'Eastbound and Down' recap: Kenny Powers jumps on the love roller coaster
He moved to Mexico but barely spoke Spanish. He lived in America almost all of his life but barely spoke English. But no matter where Kenny (you know what word belongs here) Powers may go, he always speaks the international language of love. Fluently. Mucho fluently.
In the season opener, he ran away like a scared chicken from love (baseball and April), denied his name, only to reclaim it on a baseball field in Mexico. (It was like the end of the movie "Malcom X" where everybody stood and said, "I am Malcolm X," even though they weren't, but when Kenny Powers finally said, "I am Kenny Powers," he really was Kenny Powers and the only person to say so. Very moving stuff.)
In the second episode, Kenny acknowledged the importance of a male companion, particularly one who vowed to be "hardcore" about running his personal errands. And this week, Kenny shows us he doesn't have to choose between being a lover and a fighter -- he's both. At this rate of personal growth, Kenny will soon be mentoring Deepak Chopra.
Kenny believes he's "over" April and is now more than happy to slide over to his new local girlfriend, Vida (which translates in English as "life," get it? Don't ask me the significance of Kenny's short-lived career in cockfighting earlier this season). She's a singer and he wants nothing more than to get to the bottom of her. Except he doesn't really put it like that. Like everything else, he says it more colorfully.
And like all the great lovers, Kenny has a way with words. Hearing the ex-major leaguer pitch woo to the Mexican beauty is like listening to dialogue from "Sense and Sensibility." Moments before arriving at a shared state of undress, Kenny tells Vida: "You will have my body, but you will not have my heart, so don't expect it." Isn't that on a Hallmark card or something? Maybe it was YouTube.
Meanwhile, Kenny's professional passion is giving him no love. Or at least not enough. Despite his triumphant inaugural outing as a relief pitcher, Kenny senses his new Mexican neighbors, or "villagers" as he calls them, aren't cheering him on as they should. He's slowly realizing he isn't in America anymore where people will applaud loudly for anything (Lady Gaga, Glenn Beck). After one of his promotional banners is taken down, Kenny protests, explaining to his coach that he has given his "heart" to the villagers and all he has gotten in return is something largely considered worthless unless you're making a simple hut in certain parts of the world.
He has to do something to get his name on the lips of the town. He does what all great men do and that is have someone else do it. Soon Stevie is being driven up and down the town's streets, speaking into a microphone, urging everyone to "bow" and "worship" Kenny Powers, a.k.a. the White Flame. (A good nickname, by the way, but one Kenny later rejects. Why? Because he wears "black" like an outlaw. Cocaine dealers wear white, he says. Still, it seems the name White Flame will stick.)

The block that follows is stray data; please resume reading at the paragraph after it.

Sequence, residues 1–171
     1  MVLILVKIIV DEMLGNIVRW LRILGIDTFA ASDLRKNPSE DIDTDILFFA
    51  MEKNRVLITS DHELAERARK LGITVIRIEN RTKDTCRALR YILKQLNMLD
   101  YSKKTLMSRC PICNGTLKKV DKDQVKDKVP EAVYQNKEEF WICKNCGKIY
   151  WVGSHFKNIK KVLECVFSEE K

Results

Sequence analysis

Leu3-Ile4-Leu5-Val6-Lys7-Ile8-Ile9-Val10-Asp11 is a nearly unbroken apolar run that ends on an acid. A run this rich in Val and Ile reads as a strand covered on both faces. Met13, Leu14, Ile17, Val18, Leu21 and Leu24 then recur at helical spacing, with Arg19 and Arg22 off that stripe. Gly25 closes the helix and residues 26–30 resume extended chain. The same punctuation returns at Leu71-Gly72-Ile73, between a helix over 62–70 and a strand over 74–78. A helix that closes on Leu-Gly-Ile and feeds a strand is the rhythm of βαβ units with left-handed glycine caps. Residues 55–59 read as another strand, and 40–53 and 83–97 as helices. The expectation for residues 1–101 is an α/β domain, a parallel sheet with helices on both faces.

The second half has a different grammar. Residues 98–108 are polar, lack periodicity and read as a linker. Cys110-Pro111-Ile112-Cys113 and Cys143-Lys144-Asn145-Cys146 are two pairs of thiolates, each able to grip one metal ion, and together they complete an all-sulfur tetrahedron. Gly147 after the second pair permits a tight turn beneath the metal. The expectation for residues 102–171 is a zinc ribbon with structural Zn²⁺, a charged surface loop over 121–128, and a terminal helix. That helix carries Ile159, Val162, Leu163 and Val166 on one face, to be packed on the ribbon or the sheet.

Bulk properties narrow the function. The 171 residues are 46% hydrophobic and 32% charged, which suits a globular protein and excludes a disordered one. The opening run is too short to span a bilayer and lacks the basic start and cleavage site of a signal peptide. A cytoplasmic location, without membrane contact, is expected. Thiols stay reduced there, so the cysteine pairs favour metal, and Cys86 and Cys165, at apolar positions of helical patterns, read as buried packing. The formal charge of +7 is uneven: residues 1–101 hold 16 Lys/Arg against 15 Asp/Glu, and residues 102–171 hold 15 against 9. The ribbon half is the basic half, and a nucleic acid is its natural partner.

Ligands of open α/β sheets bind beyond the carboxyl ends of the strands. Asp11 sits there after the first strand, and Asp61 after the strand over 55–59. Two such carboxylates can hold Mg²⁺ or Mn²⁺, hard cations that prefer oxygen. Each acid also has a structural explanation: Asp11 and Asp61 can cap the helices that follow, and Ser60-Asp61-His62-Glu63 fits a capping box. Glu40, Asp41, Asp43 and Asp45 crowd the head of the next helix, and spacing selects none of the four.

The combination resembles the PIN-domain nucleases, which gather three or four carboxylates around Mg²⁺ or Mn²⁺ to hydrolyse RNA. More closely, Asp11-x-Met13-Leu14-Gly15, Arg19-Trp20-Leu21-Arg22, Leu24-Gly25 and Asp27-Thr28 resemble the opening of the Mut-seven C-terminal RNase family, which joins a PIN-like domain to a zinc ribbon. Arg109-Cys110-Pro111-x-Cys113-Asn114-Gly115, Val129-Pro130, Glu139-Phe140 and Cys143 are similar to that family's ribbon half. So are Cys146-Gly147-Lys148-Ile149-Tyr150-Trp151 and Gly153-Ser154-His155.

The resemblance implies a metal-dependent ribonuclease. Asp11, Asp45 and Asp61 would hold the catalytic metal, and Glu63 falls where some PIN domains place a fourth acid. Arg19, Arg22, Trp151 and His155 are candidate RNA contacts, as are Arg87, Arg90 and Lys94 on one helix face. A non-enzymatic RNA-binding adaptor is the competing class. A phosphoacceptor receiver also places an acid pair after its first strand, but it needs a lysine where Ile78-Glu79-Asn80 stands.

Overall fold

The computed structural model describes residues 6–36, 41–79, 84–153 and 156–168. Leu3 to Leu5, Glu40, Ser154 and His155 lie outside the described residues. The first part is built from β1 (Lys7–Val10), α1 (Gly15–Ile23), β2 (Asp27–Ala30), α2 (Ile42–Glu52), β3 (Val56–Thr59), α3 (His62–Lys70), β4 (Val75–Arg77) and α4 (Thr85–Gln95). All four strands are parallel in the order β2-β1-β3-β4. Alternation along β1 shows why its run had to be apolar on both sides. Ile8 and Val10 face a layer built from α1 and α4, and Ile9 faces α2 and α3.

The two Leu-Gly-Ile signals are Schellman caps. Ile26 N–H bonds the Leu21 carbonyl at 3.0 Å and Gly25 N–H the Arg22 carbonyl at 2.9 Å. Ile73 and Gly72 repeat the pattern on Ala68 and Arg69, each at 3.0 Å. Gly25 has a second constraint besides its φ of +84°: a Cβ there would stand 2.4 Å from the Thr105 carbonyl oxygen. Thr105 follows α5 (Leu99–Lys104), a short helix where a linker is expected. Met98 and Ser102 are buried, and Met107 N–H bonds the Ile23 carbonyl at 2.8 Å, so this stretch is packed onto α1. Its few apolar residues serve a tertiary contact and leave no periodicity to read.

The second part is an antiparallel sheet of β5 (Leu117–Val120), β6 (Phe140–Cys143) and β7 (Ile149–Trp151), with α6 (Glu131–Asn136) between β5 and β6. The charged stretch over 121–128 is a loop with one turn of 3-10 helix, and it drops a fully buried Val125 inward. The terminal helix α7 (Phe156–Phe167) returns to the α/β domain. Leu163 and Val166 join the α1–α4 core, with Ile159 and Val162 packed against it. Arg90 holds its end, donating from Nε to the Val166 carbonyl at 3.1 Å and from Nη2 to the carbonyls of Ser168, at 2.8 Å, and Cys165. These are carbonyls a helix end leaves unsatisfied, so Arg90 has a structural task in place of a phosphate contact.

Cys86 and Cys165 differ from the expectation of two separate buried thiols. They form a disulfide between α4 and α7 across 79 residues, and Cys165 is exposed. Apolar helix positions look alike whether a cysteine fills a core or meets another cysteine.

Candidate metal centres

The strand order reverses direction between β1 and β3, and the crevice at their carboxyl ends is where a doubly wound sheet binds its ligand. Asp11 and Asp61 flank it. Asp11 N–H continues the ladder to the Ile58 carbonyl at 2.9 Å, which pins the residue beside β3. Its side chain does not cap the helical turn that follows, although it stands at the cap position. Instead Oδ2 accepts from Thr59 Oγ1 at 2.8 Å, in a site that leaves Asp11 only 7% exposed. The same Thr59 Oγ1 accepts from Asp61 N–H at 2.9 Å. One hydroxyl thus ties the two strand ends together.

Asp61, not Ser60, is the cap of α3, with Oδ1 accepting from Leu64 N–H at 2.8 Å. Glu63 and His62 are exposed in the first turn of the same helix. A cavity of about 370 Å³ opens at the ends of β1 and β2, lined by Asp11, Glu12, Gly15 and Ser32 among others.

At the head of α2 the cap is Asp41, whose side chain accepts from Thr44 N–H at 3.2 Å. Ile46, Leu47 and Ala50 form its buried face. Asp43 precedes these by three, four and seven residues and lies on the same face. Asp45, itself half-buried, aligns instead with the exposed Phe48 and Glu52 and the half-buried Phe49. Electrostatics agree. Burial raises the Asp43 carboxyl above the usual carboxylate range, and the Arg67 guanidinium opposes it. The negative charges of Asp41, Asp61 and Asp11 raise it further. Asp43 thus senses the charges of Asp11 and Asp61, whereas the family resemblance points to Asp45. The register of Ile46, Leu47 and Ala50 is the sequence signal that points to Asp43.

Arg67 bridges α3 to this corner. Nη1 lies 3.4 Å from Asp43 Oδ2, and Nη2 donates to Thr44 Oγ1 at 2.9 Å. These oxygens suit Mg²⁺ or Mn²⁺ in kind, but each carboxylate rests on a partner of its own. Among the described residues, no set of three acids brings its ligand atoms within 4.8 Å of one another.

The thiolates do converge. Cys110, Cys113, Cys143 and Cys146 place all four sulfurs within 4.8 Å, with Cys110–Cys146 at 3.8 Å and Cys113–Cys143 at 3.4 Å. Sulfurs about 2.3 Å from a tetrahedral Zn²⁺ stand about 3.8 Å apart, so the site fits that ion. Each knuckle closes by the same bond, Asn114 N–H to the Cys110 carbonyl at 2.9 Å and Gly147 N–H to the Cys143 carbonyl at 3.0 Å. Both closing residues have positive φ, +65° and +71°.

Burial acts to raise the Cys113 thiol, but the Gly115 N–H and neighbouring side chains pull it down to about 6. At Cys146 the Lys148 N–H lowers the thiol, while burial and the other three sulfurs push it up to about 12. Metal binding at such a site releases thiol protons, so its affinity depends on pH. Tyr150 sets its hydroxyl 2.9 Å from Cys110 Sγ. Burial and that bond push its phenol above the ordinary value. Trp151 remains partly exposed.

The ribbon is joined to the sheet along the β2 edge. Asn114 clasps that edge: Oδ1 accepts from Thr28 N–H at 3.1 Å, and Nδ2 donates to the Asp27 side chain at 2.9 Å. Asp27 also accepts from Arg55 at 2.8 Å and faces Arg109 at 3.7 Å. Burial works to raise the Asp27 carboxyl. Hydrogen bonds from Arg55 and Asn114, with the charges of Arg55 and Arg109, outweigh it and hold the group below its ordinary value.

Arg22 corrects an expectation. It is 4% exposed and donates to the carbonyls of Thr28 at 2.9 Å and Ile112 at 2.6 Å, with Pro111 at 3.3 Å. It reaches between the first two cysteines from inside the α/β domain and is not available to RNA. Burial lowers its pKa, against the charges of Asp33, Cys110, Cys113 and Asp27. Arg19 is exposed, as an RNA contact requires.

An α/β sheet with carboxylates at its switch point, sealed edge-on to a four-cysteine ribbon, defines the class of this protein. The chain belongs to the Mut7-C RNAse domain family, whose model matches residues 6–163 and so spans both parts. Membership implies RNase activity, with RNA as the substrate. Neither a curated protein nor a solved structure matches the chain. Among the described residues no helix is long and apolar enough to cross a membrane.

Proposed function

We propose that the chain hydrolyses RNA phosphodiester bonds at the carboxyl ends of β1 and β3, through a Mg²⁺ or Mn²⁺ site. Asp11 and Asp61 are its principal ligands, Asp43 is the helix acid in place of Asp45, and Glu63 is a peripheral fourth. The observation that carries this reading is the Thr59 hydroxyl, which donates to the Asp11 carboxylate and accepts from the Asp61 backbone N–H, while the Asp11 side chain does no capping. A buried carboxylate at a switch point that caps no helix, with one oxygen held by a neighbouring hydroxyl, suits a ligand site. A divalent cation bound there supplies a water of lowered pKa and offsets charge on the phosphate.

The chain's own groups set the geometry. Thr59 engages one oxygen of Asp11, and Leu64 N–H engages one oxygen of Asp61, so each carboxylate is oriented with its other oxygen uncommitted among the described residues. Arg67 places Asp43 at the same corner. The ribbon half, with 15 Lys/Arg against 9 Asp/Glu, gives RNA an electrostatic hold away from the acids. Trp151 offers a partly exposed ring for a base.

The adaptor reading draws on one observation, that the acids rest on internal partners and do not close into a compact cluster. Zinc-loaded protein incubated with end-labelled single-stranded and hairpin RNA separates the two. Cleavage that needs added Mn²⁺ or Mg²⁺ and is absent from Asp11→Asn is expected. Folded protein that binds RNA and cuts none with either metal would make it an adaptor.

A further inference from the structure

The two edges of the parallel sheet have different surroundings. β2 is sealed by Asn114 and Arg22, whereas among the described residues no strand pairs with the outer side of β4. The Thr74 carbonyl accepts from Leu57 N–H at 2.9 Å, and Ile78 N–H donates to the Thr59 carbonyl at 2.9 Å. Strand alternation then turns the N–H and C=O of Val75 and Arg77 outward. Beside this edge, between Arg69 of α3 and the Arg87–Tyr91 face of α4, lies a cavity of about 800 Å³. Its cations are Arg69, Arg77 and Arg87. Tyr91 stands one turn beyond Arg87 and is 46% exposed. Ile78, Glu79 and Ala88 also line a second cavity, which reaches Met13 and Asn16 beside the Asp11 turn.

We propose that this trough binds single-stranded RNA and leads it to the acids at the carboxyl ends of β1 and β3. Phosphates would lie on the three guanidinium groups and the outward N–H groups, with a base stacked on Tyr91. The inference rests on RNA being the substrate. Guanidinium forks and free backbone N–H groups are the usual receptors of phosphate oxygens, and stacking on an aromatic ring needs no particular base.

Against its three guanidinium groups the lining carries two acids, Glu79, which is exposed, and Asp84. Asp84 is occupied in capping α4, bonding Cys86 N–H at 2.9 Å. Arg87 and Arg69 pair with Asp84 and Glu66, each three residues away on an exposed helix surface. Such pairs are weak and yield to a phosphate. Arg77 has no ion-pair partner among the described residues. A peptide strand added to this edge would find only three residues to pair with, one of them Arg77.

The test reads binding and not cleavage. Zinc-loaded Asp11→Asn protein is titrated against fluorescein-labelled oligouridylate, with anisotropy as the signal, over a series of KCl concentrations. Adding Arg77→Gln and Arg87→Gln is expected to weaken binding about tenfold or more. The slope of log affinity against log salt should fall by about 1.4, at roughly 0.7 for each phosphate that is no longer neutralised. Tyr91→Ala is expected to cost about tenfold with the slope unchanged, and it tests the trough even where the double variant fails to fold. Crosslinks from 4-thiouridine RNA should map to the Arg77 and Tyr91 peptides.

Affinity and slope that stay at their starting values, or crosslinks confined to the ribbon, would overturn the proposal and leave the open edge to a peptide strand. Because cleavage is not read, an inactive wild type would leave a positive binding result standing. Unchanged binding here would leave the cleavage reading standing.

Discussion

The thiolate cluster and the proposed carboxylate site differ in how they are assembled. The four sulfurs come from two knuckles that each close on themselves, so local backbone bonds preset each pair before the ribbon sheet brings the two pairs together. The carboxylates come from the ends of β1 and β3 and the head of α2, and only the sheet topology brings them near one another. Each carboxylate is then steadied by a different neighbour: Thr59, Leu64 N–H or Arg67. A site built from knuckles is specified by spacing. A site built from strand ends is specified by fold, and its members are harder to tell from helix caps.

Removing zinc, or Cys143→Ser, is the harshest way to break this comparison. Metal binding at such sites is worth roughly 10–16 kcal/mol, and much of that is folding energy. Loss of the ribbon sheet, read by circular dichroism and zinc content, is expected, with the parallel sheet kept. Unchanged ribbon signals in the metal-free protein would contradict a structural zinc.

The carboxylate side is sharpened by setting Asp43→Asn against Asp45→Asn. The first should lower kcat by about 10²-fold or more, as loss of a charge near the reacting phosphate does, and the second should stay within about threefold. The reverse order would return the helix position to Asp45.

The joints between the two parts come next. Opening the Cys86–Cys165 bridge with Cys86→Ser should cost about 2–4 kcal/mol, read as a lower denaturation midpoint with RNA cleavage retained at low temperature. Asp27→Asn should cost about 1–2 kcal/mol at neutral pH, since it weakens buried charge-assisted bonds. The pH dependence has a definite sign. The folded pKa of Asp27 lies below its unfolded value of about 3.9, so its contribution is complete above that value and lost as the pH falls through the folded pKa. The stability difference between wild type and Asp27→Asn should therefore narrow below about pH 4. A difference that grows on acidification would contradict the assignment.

At the ballpark, Kenny returns to the pitcher's mound determined to whip the crowd into a frenzy by his hand. He strikes out a batter, but he can almost hear a pin drop in the stadium. Soon, he begins getting heckled by a player on the opposing team. But Kenny takes the high road -- and throws a ball at the head of said heckler. (He misses; that's why it's the high road.) The opposition's dugout races onto the field, and Kenny greets the heckler with a punch in the face. Both benches clear and what a brawl! Well, that brings the crowd to its feet.
Despite these fisticuffs, it really is a night for love. It starts on the yacht of the Charros' owner, who has a conversation with Kenny about what part of a woman is really the most attractive. As the two learned men discuss the pros and cons, they watch Vida dance. Finally, the two great minds agree to disagree and view the situation as akin to that "Muslim and Jewish" thing.
Kenny ends up having a sleepover with Vida and discovers the next morning that his lover has a secret -- a teenage son! The young man is watching television and asks Kenny if he likes magic. Kenny asks why -- "were you going to make me disappear?" Then, Kenny explains how the boy could easily make him vanish; just start calling him Dad.
But shortly after their tryst, Kenny and Vida (and her son) go out for tacos at an amusement park. Kenny wants to know a few things first. Will he get Montezuma's revenge from eating park tacos, and do they think the food preparers washed their hands? But they have no answers.
Then, Kenny, who repeatedly has labeled himself "damaged goods," maintains he's over April and now is head over boot heels for Vida. A new ship has sailed into Kenny's life, and it's a pirate ship -- and that's a good thing when you consider yourself an outlaw. He declares his love for Vida and tells her son to consider him a "father figure."
But Vida says she doesn't need a commitment. She just wants to take it slow and have fun. Au contraire, says Kenny, who announces his intention to take things "super fast."
Finally, Kenny asks the mother and son to jump on the park's roller coaster. (Metaphor alert! Metaphor alert!) Vida is happy on the bumpy up-and-down thrill ride, but Kenny is tense and grim-faced.
A sad musical score closes the show, which seems to suggest Kenny and this particular love may not be together very long. Vaya con Dios, Kenny Powers.
-- Martin Miller
Photo: Kenny and Vida from "Eastbound and Down." Credit: Fred Norris / HBO